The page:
Still, the company’s story was hardly front-page news in the United States — until early 2008, in the midst of Mrs. Clinton’s failed presidential campaign, when The Times published an article revealing the 2005 trip’s link to Mr. Giustra’s Kazakhstan mining deal. It also reported that several months later, Mr. Giustra had donated $31.3 million to Mr. Clinton’s foundation.

Though the article quoted the former head of Kazatomprom, Moukhtar Dzhakishev, as saying that the deal required government approval and was discussed at a dinner with the president, Mr. Giustra insisted that it was a private transaction, with no need for Mr. Clinton’s influence with Kazakh officials. He described his relationship with the former American president as motivated solely by a shared interest in philanthropy.

As if to underscore the point, five months later Mr. Giustra held a fund-raiser for the Clinton Giustra Sustainable Growth Initiative, a project aimed at fostering progressive environmental and labor practices in the natural resources industry, to which he had pledged $100 million. The star-studded gala, at a conference center in Toronto, featured performances by Elton John and Shakira and celebrities like Tom Cruise, John Travolta and Robin Williams encouraging contributions from the many so-called F.O.F.s — Friends of Frank — in attendance, among them Mr. Telfer. In all, the evening generated $16 million in pledges, according to an article in The Globe and Mail.

"None of this would have been possible if Frank Giustra didn’t have a remarkable combination of caring and modesty, of vision and energy and iron determination,” Mr. Clinton told those gathered, adding: “I love this guy, and you should, too.”

But what had been a string of successes was about to hit a speed bump.

Arrest and Progress
By June 2009, a little over a year after the star-studded evening in Toronto, Uranium One’s stock was in free-fall, down 40 percent. Mr. Dzhakishev, the head of Kazatomprom, had just been arrested on charges that he illegally sold uranium deposits to foreign companies, including at least some of those won by Mr. Giustra’s UrAsia and now owned by Uranium One.

Publicly, the company tried to reassure shareholders. Its chief executive, Jean Nortier, issued a confident statement calling the situation a “complete misunderstanding.” He also publicly contradicted Mr. Giustra’s contention that the uranium mining deal had not required government blessing. “When you do a transaction in Kazakhstan, you need the government’s approval,” he said, adding that UrAsia had indeed received that approval.

But privately, Uranium One officials were worried they could lose their joint mining ventures. American diplomatic cables made public by WikiLeaks also reflect concerns that Mr. Dzhakishev’s arrest was part of a Russian power play for control of Kazakh uranium assets.

At the time, Russia was already eying a stake in Uranium One, Rosatom company documents show. Rosatom officials say they were seeking to acquire mines around the world because Russia lacks sufficient domestic reserves to meet its own industry needs.
Ian Telfer, the former chairman of Uranium One, in 2014

It was against this backdrop that the Vancouver-based Uranium One pressed the American Embassy in Kazakhstan, as well as Canadian diplomats, to take up its cause with Kazakh officials, according to the American cables.

“We want more than a statement to the press,” Paul Clarke, a Uranium One executive vice president, told the embassy’s energy officer on June 10, the officer reported in a cable. “That is simply chitchat.” What the company needed, Mr. Clarke said, was official written confirmation that the licenses were still valid.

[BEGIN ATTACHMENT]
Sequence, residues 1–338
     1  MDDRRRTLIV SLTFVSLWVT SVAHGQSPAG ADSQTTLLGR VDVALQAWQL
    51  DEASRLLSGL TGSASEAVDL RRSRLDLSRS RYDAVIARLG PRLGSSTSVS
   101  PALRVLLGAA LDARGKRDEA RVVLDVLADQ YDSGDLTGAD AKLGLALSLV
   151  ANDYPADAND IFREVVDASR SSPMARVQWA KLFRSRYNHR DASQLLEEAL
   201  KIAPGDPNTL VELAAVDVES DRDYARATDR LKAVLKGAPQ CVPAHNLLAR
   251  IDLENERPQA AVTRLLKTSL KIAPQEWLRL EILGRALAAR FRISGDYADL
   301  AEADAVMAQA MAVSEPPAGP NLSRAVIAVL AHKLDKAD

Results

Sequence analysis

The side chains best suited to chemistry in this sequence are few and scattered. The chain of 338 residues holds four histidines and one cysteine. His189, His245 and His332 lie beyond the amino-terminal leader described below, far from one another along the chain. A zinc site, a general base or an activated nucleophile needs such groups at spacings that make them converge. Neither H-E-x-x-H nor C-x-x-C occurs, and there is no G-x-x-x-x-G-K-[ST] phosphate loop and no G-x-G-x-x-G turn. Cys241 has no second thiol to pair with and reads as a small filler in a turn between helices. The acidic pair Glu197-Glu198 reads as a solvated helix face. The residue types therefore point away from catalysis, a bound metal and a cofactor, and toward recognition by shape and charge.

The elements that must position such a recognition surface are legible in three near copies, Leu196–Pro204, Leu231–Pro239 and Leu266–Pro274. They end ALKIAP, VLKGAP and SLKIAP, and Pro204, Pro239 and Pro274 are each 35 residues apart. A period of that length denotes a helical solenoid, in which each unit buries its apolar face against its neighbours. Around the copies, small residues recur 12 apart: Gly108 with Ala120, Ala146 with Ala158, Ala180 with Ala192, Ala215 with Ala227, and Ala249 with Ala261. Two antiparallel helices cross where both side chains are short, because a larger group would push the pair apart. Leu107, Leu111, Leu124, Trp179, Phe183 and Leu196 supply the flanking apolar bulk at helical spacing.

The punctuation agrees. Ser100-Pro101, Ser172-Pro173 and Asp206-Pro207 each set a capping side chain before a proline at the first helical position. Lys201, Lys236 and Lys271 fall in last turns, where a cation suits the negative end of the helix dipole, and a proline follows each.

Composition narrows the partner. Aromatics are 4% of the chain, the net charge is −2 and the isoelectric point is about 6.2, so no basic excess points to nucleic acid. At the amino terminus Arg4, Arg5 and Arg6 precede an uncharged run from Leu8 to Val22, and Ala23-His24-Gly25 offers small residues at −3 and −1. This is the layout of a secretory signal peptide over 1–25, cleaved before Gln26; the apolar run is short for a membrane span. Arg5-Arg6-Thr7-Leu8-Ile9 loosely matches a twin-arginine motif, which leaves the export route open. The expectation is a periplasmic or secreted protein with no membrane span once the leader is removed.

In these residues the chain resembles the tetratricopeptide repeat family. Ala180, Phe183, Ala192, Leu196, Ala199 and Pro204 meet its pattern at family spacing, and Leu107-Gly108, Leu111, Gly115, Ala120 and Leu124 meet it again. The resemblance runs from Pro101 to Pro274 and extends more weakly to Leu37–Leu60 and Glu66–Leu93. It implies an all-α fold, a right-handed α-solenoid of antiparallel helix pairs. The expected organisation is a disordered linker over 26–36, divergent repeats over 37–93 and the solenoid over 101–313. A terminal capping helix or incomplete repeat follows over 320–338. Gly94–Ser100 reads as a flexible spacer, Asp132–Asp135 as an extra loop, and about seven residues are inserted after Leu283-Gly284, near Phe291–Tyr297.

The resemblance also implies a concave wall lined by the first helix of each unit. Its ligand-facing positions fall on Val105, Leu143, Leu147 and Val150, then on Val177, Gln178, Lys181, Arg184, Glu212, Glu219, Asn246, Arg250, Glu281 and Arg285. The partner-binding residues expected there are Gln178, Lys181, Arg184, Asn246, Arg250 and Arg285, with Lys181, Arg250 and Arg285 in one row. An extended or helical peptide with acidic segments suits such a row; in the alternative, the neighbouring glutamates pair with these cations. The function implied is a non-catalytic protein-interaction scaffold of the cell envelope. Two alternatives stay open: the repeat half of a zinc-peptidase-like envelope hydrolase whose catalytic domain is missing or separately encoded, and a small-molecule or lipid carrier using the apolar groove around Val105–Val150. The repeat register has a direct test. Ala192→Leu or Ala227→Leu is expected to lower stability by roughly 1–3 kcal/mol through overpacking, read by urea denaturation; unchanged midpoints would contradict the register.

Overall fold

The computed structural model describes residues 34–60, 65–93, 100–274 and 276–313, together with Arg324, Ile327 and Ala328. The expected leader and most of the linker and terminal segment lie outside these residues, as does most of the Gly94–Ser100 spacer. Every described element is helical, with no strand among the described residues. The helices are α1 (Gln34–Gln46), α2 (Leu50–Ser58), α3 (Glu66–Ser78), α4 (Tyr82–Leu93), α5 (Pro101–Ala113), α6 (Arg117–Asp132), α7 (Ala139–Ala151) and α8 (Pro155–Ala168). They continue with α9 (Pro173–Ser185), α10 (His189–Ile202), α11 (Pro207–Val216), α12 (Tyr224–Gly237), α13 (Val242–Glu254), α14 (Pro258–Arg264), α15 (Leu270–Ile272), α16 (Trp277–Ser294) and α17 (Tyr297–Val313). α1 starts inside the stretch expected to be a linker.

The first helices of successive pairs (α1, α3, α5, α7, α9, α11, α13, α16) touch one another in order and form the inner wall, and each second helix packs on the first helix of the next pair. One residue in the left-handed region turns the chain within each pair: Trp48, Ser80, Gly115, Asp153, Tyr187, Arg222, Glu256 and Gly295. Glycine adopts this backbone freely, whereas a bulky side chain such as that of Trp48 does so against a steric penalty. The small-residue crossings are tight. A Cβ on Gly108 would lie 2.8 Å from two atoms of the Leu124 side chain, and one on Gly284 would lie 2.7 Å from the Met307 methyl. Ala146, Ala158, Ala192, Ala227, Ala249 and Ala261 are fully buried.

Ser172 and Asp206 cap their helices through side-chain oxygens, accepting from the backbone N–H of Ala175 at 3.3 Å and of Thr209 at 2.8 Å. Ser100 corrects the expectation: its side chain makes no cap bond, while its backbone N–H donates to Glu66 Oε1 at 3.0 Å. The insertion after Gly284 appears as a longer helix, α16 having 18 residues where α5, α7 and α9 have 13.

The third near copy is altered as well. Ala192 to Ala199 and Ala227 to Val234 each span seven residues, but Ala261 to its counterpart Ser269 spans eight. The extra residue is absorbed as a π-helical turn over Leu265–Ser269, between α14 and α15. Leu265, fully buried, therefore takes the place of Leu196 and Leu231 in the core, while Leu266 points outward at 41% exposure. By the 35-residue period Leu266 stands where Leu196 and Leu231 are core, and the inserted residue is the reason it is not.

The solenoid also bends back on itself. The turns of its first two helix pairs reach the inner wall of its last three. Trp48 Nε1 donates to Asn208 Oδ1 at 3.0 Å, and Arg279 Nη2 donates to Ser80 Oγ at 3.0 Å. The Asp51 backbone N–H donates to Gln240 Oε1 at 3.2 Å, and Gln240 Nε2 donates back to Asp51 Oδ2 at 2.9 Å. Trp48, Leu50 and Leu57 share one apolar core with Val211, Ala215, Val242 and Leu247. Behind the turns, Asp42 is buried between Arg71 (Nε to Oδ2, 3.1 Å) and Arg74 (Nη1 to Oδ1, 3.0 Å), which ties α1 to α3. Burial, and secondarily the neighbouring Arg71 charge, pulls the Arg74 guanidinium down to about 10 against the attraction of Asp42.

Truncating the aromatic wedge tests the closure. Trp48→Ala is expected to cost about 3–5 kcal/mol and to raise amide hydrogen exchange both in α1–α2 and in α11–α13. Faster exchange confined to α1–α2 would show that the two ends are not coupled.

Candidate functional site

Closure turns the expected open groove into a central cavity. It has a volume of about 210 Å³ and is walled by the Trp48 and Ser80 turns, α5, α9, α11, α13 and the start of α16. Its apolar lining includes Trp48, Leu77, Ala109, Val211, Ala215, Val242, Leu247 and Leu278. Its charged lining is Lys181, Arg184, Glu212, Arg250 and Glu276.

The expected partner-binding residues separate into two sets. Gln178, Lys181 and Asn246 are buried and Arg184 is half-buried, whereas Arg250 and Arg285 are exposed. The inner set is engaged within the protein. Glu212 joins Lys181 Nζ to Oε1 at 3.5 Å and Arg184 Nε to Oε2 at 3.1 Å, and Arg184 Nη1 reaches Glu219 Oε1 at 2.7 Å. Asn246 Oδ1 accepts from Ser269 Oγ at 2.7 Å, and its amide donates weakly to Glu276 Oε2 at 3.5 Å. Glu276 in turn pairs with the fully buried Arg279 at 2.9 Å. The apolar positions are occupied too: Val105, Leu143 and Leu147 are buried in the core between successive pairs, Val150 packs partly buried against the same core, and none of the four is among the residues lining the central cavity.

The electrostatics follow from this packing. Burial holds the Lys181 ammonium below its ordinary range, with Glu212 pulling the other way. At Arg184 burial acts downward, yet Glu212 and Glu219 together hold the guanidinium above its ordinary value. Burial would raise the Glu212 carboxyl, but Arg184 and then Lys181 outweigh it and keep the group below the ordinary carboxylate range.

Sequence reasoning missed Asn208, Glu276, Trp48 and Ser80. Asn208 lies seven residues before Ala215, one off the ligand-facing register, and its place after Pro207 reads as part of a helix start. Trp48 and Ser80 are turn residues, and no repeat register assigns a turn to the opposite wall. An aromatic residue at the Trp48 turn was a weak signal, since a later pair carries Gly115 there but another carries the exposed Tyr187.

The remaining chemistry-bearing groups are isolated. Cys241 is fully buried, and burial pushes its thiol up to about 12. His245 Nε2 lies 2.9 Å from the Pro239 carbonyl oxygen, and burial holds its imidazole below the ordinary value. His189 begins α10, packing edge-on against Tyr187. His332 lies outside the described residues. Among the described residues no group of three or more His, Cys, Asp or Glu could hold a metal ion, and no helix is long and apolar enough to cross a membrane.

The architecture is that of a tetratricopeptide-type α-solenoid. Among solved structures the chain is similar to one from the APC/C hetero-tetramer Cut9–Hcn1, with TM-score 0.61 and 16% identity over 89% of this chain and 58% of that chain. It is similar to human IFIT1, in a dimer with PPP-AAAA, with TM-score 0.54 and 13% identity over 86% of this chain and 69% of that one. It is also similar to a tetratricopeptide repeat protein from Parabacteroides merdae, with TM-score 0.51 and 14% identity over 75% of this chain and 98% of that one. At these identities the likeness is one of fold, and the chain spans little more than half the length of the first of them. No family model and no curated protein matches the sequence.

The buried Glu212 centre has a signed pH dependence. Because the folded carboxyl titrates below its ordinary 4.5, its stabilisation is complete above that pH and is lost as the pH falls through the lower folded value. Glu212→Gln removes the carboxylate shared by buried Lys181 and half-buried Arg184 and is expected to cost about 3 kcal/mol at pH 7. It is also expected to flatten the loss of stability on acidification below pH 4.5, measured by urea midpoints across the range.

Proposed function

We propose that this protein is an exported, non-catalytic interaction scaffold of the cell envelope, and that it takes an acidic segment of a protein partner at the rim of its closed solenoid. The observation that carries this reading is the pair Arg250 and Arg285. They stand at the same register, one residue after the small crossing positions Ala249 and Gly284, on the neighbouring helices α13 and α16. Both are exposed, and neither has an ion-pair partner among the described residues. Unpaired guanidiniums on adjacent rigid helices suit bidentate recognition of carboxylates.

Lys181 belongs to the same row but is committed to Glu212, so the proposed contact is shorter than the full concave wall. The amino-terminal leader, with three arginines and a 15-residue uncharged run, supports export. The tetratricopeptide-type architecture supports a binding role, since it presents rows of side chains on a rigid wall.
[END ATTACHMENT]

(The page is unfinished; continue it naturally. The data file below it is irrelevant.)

The American Embassy ultimately reported to the secretary of state, Mrs. Clinton. Though the Clarke cable was copied to her, it was given wide circulation, and it is unclear if she would have read it; the Clinton campaign did not address questions about the cable.
What is clear is that the embassy acted, with the cables showing that the unnamed energy officer met with Kazakh officials to discuss the issue on June 10 and 11.

Three days later, a wholly owned subsidiary of Rosatom completed a deal for 17 percent of Uranium One. And within a year, the Russian government would substantially up the ante, with a generous offer to shareholders that would give it a 51 percent controlling stake. But first, Uranium One had to get the American government to sign off on the deal.

The Power to Say No
When a company controlled by the Chinese government sought a 51 percent stake in a tiny Nevada gold mining operation in 2009, it set off a secretive review process in Washington, where officials raised concerns primarily about the mine’s proximity to a military installation, but also about the potential for minerals at the site, including uranium, to come under Chinese control. The officials killed the deal.

Such is the power of the Committee on Foreign Investment in the United States. The committee comprises some of the most powerful members of the cabinet, including the attorney general, the secretaries of the Treasury, Defense, Homeland Security, Commerce and Energy, and the secretary of state. They are charged with reviewing any deal that could result in foreign control of an American business or asset deemed important to national security.

The national security issue at stake in the Uranium One deal was not primarily about nuclear weapons proliferation; the United States and Russia had for years cooperated on that front, with Russia sending enriched fuel from decommissioned warheads to be used in American nuclear power plants in return for raw uranium. Instead, it concerned American dependence on foreign uranium sources. While the United States gets one-fifth of its electrical power from nuclear plants, it produces only around 20 percent of the uranium it needs, and most plants have only 18 to 36 months of reserves, according to Marin Katusa, author of “The Colder War: How the Global Energy Trade Slipped From America’s Grasp.”

“The Russians are easily winning the uranium war, and nobody’s talking about it,” said Mr. Katusa, who explores the implications of the Uranium One deal in his book. “It’s not just a domestic issue but a foreign policy issue, too.”